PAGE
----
Bride and Groom Priorities

We couldn’t believe it when our son told us his friend was getting a divorce.  He had only been married a few years.  I recall him telling us how ugirl comfortednbelievably amazing the wedding was.  No expense was spared.  “He really loved her,” our son explained.

With the average cost of weddings today nearing $35,000, I can’t but wonder where are these couple’s priorities?  A wedding is a day but a marriage is suppose to last a lifetime.  How much better would it had been if they had  put as much time and effort into preparing for a marriage instead of a wedding.  My heart breaks because I believe if couples would get pre-marital education, there would be less and less of these type of divorces.

A Little More Authentic

A woman with a counselor
I used to hate it when they would go around the room and ask us to read.  I knew I  wasn’t going to be able to pronounce some of the words. For everyone else the words just seemed to roll off their tongues.  But not me. I would attempt to pronounce the word, but normally come across as pretty dense.  So what a relief it was to know someone else struggled with this same issue. My friend recently confessed she too knew exactly how I felt.  I was not alone. I had a dense friend. No not really.  See we both learned to read by sight not phonetically as most kids learn today.  The point I’m trying to make is it helps to know we are not alone. It’s comforting to know others have felt as I felt.  This may be true for you in your marriage.  Have you ever thought you are the only one who feels the way you do sometimes about your spouse or your relationship?  If that’s the case, realize you have company. We just want you to know at MERCY you are at a safe place. We are all on a journey trying to do our best.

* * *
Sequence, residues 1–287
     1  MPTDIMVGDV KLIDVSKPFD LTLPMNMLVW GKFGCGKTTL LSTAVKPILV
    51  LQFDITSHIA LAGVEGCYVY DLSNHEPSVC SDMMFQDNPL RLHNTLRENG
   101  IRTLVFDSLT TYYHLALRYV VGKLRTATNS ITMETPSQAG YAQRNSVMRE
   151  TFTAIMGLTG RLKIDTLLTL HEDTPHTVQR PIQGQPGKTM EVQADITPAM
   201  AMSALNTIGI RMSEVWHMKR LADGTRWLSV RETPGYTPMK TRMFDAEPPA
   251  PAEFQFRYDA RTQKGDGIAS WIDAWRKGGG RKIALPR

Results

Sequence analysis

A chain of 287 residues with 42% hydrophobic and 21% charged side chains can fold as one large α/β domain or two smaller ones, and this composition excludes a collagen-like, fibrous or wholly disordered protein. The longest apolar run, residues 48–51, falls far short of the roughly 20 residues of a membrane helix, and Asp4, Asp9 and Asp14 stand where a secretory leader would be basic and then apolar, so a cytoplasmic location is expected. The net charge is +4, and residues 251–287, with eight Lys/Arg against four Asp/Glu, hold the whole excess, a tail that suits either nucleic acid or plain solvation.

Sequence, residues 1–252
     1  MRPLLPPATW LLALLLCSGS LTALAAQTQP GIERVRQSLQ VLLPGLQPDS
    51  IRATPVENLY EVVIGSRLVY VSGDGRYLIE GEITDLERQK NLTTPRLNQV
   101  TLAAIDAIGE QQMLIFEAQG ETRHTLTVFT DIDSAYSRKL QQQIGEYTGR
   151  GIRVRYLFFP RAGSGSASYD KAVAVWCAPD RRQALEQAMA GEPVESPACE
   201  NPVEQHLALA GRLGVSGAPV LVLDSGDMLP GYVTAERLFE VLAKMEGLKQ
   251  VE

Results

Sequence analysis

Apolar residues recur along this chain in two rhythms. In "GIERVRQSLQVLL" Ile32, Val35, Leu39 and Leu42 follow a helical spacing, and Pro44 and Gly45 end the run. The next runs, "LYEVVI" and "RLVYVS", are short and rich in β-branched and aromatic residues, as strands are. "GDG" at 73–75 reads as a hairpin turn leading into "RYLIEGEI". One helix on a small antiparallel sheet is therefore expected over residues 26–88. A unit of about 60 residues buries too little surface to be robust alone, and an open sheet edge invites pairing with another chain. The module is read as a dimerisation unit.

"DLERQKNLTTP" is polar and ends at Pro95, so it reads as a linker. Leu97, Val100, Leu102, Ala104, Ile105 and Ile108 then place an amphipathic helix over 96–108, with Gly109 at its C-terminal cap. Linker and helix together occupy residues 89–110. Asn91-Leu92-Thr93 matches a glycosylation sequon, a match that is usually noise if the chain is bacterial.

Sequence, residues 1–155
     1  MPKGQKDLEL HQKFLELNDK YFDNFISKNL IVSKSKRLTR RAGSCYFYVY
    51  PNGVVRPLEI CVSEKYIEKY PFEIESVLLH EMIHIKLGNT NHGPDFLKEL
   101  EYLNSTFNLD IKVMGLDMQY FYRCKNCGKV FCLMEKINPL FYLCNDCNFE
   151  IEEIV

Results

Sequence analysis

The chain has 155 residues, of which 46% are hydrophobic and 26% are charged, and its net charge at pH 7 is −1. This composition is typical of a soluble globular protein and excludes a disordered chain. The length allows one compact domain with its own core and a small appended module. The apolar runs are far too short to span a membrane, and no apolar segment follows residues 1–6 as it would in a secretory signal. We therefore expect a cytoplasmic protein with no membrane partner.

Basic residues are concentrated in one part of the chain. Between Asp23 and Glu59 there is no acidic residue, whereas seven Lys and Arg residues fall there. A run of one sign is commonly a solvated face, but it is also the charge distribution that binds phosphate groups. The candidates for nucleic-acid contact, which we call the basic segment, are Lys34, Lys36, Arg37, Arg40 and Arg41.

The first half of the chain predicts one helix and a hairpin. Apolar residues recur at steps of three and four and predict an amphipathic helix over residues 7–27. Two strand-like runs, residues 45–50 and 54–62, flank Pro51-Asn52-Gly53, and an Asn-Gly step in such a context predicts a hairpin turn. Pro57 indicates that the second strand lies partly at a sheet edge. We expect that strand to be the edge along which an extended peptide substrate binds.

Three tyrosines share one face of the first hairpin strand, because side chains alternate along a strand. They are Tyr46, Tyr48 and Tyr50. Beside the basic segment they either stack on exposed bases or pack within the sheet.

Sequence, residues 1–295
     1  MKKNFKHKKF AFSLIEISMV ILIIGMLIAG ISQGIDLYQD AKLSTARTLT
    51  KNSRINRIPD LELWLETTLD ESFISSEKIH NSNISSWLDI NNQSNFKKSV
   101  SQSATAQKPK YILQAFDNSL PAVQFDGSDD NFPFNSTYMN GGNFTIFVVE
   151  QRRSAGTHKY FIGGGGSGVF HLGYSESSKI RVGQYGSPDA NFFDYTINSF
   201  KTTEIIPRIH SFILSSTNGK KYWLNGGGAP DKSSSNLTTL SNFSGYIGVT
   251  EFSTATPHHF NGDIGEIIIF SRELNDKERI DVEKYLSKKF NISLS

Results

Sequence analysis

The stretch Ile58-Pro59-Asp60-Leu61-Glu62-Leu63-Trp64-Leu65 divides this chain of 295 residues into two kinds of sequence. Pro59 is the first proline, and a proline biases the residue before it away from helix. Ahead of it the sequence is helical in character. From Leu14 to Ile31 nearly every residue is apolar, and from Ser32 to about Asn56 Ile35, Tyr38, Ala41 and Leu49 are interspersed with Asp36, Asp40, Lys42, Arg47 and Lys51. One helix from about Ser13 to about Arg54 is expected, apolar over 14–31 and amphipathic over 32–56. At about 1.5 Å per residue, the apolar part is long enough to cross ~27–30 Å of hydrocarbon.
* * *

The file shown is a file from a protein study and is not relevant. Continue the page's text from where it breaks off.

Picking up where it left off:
Communication starts early

shutterstock_285945059One complaint we often hear from couples is how negative their spouse is and how he/she comes across when talking to them.  It reminded me of something I recently heard that happened between a father and his two-year old daughter. The father said his daughter turned to him and said, “Don’t talk to me!”  In return the father explained, “You don’t talk that way to Daddy.”  Well, I over analyze everything so I started thinking is this going to communicate to her that she can’t express how she feels?  I’m afraid the issue is not so much she can’t express her feelings, but rather how she needs to express them differently.  For example, he could have shared with her, “When you don’t want to talk, say Daddy, I don’t want to talk right now.”  Or, “Daddy, I don’t feel like talking now.”  We’re thinking these type of comments would come across less offensive. Perhaps if we started telling our children, at a very young age, how to better express their feelings, we would have less adults feelings disrespected in their marriages by their spouse.